The Travels of Sir John Mandevilleby John Mandeville
Ostensibly written by an English knight, the Travels purport to relate his experiences in the Holy Land, Egypt, India and China. Sir John Mandeville claims to have served in the Great Khan's army, and to have travelled in 'the lands beyond' - countries populated by dog-headed men, cannibals, Amazons and Pygmies. Although Marco Polo's slightly earlier narrative… See more details below
Ostensibly written by an English knight, the Travels purport to relate his experiences in the Holy Land, Egypt, India and China. Sir John Mandeville claims to have served in the Great Khan's army, and to have travelled in 'the lands beyond' - countries populated by dog-headed men, cannibals, Amazons and Pygmies. Although Marco Polo's slightly earlier narrative ultimately proved more factually accurate, Mandeville's was widely known, used by Columbus, Leonardo da Vinci and Martin Frobisher, and inspired writers as diverse as Swift, Defoe and Coleridge. This blend of fact, exaggeration and absurdity offers both insight into and subtle criticism of fourteenth-century conceptions of the world.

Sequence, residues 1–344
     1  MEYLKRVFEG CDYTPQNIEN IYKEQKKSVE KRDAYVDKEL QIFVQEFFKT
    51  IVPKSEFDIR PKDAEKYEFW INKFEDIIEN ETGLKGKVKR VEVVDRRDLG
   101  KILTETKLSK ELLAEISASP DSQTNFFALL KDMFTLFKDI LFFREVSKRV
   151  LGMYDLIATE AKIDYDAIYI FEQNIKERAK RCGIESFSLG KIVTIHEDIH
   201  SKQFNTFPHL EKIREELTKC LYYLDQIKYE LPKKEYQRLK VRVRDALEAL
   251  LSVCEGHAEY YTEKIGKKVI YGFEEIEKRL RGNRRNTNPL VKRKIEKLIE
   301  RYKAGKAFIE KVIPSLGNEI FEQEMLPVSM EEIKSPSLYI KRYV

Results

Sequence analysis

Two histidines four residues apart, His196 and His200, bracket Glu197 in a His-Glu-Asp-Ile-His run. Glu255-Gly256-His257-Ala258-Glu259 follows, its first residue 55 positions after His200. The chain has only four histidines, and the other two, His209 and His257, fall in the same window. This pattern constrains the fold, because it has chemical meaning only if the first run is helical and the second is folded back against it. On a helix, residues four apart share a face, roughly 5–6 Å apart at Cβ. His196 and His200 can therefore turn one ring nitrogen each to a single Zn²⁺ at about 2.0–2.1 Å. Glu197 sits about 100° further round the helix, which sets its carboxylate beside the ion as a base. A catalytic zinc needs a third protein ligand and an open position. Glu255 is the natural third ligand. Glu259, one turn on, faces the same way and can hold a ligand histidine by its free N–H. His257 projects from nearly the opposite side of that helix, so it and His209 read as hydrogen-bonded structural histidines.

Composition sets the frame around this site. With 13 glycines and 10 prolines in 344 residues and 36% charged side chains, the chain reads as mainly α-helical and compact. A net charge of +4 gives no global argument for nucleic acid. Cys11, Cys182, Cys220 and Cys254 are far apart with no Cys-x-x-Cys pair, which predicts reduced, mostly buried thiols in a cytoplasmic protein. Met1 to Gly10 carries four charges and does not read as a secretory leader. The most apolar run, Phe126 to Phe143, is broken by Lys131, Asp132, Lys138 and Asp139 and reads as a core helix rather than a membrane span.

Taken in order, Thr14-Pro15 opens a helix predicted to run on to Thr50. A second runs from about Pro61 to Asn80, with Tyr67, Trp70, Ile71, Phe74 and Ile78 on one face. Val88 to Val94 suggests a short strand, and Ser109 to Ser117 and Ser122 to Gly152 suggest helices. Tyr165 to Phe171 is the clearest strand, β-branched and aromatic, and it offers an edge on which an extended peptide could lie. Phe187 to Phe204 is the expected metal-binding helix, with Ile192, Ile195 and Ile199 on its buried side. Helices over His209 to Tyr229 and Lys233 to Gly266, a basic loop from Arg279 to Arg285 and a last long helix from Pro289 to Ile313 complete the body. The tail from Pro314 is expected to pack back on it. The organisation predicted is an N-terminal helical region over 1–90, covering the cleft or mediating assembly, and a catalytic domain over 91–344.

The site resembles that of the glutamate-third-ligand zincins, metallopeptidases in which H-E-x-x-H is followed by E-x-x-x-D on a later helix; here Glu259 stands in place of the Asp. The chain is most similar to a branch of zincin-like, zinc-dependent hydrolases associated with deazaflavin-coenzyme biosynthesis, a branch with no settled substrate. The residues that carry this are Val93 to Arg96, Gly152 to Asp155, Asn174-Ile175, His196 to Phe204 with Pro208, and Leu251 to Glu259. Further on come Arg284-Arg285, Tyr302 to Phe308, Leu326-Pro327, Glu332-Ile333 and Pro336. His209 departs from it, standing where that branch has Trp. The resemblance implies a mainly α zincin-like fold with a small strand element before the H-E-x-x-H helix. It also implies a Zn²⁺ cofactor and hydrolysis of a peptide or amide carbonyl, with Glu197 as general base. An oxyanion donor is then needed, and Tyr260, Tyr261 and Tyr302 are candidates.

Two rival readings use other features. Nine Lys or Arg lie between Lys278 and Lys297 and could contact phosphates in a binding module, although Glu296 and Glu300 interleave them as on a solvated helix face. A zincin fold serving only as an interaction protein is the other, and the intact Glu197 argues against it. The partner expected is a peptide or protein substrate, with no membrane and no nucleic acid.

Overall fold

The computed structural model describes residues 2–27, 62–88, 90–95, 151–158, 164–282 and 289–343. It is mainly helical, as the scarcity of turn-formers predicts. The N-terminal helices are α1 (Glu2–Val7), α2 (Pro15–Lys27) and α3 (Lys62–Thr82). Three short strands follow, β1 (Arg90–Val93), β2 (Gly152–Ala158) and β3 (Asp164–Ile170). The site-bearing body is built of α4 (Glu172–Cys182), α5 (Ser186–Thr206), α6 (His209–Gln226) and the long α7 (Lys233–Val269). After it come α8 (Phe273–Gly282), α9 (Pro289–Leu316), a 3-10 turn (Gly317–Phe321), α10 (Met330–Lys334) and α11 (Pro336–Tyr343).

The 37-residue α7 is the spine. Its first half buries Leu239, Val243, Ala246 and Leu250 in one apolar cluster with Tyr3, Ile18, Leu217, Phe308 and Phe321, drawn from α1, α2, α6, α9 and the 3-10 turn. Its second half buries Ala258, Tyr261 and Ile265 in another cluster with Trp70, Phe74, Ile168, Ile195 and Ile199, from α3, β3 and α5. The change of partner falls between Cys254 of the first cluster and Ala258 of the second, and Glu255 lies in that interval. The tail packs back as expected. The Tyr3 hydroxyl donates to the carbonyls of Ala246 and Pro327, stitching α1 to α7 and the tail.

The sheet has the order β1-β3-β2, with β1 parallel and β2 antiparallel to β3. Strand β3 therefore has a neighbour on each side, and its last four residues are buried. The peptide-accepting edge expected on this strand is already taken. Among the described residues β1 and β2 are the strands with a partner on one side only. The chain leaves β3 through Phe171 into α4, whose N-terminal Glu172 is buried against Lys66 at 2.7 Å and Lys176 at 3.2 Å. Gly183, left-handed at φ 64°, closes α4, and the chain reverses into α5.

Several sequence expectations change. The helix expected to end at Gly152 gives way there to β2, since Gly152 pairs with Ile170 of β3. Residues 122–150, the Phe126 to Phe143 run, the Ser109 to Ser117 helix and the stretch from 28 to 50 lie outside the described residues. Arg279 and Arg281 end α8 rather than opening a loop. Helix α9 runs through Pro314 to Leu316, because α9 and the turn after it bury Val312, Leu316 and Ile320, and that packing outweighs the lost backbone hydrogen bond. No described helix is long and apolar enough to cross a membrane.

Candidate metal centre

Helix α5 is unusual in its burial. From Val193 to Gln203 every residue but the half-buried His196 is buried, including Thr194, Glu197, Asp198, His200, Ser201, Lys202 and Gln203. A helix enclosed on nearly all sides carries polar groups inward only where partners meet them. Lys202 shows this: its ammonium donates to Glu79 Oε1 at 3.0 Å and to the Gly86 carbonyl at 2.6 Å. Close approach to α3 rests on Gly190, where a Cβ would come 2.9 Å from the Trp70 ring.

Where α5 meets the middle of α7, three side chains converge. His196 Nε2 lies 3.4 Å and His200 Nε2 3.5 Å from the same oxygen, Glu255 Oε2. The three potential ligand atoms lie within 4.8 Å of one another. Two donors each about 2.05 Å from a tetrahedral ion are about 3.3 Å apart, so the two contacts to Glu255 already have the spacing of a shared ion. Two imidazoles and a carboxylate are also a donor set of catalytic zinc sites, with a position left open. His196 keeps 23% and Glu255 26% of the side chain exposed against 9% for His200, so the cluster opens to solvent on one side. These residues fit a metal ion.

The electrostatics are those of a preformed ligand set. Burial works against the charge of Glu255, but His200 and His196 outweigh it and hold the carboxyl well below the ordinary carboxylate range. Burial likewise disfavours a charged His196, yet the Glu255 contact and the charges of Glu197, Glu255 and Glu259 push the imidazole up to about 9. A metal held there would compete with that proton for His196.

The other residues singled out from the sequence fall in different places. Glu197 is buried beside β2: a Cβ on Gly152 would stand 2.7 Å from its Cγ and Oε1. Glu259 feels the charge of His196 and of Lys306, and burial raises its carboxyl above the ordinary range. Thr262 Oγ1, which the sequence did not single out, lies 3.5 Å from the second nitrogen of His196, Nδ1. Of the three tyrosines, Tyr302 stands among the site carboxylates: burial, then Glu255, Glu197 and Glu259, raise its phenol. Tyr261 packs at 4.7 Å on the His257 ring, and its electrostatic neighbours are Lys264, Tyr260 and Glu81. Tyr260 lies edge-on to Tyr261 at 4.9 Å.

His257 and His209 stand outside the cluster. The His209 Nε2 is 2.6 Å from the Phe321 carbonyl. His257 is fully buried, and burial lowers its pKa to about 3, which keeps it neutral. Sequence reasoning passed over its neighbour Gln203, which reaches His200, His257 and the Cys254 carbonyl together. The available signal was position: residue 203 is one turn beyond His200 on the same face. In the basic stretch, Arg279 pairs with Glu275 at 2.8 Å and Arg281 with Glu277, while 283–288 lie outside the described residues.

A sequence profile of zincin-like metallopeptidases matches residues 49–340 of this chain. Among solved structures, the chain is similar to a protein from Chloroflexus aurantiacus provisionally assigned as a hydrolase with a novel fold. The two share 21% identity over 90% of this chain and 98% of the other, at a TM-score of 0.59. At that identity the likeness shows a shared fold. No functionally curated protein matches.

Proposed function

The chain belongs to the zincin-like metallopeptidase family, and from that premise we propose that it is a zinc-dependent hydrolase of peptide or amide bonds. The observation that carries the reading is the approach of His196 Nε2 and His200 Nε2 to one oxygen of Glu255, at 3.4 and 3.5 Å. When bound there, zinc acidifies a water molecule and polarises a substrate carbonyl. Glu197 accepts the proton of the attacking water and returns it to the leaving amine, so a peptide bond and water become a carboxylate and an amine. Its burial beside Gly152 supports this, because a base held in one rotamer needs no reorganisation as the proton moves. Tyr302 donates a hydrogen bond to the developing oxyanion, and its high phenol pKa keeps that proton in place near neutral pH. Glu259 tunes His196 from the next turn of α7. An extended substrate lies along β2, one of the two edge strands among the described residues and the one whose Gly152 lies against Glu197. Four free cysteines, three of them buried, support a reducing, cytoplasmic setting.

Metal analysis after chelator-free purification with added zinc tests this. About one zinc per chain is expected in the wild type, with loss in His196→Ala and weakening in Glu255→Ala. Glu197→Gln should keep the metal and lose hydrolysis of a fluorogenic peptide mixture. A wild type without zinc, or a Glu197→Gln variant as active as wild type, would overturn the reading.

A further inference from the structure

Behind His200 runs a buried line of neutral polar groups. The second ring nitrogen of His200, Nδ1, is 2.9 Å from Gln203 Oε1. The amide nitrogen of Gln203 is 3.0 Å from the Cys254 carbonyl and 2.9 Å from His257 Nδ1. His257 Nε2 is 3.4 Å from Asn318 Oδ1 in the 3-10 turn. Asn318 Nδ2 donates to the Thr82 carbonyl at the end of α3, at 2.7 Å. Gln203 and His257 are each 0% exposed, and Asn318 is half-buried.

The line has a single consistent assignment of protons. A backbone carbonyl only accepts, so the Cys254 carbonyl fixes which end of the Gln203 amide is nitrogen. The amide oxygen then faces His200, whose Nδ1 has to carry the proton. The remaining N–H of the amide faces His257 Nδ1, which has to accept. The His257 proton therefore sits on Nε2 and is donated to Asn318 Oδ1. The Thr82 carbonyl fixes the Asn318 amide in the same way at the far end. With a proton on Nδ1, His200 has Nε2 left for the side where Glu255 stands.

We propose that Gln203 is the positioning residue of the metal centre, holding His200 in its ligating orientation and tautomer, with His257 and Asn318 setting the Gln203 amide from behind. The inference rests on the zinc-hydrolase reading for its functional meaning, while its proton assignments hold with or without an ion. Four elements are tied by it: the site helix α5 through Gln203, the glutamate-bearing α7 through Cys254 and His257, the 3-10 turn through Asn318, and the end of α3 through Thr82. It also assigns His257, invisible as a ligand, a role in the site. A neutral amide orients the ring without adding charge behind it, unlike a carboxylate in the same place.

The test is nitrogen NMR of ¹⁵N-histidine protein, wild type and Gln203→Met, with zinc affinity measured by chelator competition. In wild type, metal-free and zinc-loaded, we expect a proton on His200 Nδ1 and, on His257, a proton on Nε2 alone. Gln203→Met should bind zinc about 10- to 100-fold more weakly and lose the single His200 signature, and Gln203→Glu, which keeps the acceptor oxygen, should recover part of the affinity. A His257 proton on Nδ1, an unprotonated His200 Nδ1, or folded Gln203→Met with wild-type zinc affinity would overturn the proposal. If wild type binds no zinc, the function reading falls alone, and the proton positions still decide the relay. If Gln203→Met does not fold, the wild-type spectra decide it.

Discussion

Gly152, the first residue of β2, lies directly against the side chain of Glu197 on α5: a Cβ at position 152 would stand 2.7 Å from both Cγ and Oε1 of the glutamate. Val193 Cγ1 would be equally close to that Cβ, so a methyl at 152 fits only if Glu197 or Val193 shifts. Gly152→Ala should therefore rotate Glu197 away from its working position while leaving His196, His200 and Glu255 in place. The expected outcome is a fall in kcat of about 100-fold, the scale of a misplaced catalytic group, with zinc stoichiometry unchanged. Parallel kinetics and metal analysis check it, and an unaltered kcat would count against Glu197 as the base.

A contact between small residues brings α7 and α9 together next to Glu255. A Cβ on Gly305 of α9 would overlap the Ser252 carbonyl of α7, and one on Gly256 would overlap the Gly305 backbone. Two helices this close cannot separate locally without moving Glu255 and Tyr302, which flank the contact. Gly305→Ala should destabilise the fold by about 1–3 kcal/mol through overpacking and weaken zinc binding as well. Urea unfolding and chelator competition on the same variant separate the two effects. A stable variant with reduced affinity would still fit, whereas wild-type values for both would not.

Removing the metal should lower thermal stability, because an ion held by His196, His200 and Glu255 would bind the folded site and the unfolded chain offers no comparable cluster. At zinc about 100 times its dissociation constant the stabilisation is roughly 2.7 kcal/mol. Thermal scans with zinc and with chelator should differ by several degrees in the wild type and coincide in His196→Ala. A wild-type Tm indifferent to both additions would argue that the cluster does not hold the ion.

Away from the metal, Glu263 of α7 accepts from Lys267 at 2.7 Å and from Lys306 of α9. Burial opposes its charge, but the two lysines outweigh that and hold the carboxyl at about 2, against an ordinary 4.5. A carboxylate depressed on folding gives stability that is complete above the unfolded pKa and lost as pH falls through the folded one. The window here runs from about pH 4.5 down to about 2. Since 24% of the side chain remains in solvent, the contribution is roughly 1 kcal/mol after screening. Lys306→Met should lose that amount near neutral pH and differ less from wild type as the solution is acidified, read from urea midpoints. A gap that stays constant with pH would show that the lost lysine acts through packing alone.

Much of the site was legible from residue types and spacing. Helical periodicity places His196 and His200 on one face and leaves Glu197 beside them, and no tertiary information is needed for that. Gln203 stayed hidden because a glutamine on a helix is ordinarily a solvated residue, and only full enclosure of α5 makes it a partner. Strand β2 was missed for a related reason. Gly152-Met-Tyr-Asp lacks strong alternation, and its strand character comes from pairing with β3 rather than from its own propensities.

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Sir John Mandeville was an Early-Renaissance writer of travel tales, similar in content and style to his near contemporary, Marco Polo. But history has judged the two quite differently: whereas Marco Polo has become a household word, synonymous with bold explorations, Mandeville has been largely forgotten. It was not always so. During his lifetime, and for a couple of centuries afterwards, Mandeville was the more famous. A copy of Mandeville - but not Polo - was in the possession of Leonardo da Vinci. More telling, about 300 manuscripts (hand-written copies) of Mandeville survive, compared to only about 70 of Polo. *** Polo was first. His celebrated book, originally titled, 'Descriptions of the World,' came out about 1300. Mandeville wrote his book about 1356, or shortly thereafter. Its original tile was 'The Voyages and Travels of Sir John Mandeville, Knight,' but is now generally known as 'Travels of Sir John Mandeville.' Whereas Polo used the services of a professional writer, Rusticello -- who based the book on Polo's notebooks -- Mandeville wrote his book himself. (Mandeville is the better written.) *** Both books -- but especially Mandeville -- contain a fascinating pastiche of facts (often distorted), opinions -- and utterly fantastic claims. Standards of what constitutes a historical/geographic work have greatly evolved. Reading these books today leaves one with a bewildering impression of a farrago of National Geographic and supermarket tabloids. *** So what accounts for Mandeville¿s reversal of fortune? As the Age of Exploration began to transform Europe, reliable geographic, historic, and economic data came to be more highly valued than fantastic tales. Since Polo was found to be more reliable his reputation increased. Mandeville, on the other hand, came to be seen as a 'teller of tall tales,' a kind of Baron Munchhausen. *** What about relevance today? Well, except in a narrow historical context, I would say that Mandeville is definitely the more interesting. If Mandeville lacks historic and geographic accuracy, he more than makes up by his insights into what fascinates mankind - both then and now. As noted, a considerable portion of Mandeville can be fairly equated to today's Elvis sightings, or the woman from Ohio who has the spaceman's baby. We are too immersed in our contemporary world to clearly see what is behind such phenomena; looking back at Mandeville our vision improves. An example: Mandeville tells of a society in which women often have snakes in their ...uh...private parts. In order to protect themselves their men hire the services of professional 'testers.' As absurd as all this sounds, could Mandeville actually be describing some venereal disease? What light might this shed on the history of venereal epidemics? *** Some of the regions Mandeville describes can easily be localized, if only roughly. Others require a good grasp of ancient history, particularly the ancient names of localities. Still others are probably unidentifiable. This Penguin book would be improved if a glossary of such names were provided. Also, additional maps and illustrations would be very beneficial -- unfortunately this would increase the cost. *** One last thought: could the various human monstrosities described by Mandeville (people with dog's heads, etc.) have modern counterparts in television's Star Trek?